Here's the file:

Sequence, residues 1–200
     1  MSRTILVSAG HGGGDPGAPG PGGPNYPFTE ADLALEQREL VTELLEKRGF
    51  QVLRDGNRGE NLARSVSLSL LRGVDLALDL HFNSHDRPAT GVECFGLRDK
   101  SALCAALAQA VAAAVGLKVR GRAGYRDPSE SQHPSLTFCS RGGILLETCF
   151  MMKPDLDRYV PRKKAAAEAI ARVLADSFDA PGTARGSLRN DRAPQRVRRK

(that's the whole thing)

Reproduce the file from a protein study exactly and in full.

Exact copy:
Sequence, residues 1–200
     1  MSRTILVSAG HGGGDPGAPG PGGPNYPFTE ADLALEQREL VTELLEKRGF
    51  QVLRDGNRGE NLARSVSLSL LRGVDLALDL HFNSHDRPAT GVECFGLRDK
   101  SALCAALAQA VAAAVGLKVR GRAGYRDPSE SQHPSLTFCS RGGILLETCF
   151  MMKPDLDRYV PRKKAAAEAI ARVLADSFDA PGTARGSLRN DRAPQRVRRK